The Individuals with Disabilities Education Act (IDEA) ensures that the educational needs of children with disabilities are served. The goal is to enable children with special needs to receive a free and appropriate education and to meet the same academic standards that all students are expected to meet.
Up to 15% of IDEA 611 B can be used for “coordinated early intervening services” (CEIS), which are services targeted toward high-risk children without disabilities who need additional academic or behavioral support to help them succeed. CEIS may include “providing educational and behavioral evaluations, services, and supports” for which Aperture Education’s Evo Social/Emotional Assessment and Intervention System is an allowable purchase.
Title I provides financial assistance through SEAs to LEAs and public schools with high numbers or percentages of poor children to help ensure that all children meet challenging state academic content and student academic achievement standards. Funds support extra instruction in reading/language arts, mathematics and STEM related subjects, as well as special preschool, after-school and summer programs to extend and reinforce the regular school curriculum. This includes professional development for school personnel work with children receiving Title I-funded services.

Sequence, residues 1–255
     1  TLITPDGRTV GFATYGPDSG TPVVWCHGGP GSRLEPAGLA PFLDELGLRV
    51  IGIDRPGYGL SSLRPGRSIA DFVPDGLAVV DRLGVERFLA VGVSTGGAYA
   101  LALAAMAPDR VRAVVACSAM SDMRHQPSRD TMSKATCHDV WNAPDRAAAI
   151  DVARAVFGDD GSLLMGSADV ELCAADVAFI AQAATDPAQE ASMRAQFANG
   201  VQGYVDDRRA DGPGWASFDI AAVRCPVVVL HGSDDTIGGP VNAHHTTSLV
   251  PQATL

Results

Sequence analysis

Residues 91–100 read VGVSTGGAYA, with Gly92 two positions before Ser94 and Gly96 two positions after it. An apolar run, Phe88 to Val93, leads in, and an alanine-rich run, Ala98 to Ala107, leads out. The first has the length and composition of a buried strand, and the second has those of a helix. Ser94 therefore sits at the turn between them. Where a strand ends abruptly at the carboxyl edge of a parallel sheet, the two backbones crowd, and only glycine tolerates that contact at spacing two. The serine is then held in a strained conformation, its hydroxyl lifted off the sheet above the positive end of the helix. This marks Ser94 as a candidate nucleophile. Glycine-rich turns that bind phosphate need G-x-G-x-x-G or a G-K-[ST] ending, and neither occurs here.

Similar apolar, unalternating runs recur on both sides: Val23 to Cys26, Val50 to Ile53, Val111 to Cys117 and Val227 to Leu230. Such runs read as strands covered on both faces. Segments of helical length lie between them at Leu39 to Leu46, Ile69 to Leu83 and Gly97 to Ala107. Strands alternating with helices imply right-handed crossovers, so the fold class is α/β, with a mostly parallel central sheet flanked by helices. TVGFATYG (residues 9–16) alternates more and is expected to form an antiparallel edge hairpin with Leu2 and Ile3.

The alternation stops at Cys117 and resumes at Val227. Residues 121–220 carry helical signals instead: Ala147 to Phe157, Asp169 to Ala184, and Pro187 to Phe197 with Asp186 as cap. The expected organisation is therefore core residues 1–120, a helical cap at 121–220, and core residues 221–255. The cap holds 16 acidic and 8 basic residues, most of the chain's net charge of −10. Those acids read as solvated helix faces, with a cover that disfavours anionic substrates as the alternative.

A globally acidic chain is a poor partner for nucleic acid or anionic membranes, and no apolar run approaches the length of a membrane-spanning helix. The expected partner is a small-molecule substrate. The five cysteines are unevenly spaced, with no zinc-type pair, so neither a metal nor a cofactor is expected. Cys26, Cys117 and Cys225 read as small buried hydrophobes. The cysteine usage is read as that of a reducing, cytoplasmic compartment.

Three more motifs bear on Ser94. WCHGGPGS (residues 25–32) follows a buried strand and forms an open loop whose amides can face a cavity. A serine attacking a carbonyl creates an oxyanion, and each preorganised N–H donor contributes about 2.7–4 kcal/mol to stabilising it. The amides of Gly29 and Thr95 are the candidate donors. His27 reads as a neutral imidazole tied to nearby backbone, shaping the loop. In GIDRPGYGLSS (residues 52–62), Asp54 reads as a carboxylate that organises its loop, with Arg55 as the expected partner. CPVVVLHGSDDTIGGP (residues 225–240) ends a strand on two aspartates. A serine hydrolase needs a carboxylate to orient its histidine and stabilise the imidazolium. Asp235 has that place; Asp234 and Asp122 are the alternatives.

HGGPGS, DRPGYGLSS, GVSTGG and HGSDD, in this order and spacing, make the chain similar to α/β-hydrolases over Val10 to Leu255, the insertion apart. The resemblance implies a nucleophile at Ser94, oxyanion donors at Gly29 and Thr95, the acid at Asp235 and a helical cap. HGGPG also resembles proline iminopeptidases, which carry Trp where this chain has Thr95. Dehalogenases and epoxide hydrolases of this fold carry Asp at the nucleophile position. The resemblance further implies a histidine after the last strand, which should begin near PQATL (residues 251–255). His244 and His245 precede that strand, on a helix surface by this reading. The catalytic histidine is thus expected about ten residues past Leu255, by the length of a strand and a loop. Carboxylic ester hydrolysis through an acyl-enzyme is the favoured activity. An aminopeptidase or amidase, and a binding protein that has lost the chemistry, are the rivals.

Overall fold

Title I funds are intended to help close the achievement gap between high and low-performing students. Schools receiving Title I funds must provide the parents of participating children frequent reports on their children’s progress. Aperture Education’s Evo Social/Emotional Assessment and Intervention System may be purchased as a diagnostic tool to assess social and emotional skills as part of a comprehensive program to promote academic achievement.
Migrant education funds support high quality education programs that meet the special needs of migratory children to help them succeed academically in a regular school program, meet the same academic and content standards that all children are expected to meet, and graduate from high school.
Assessment-related products and supplies, including social and emotional learning diagnostic tools, such as Aperture Education’s Evo Social/Emotional Assessment and Intervention System, are allowable purchases with Migrant Education funds provided that the purchase adheres to the guidelines of the federal program(s) that Migrant Education funds are combined with.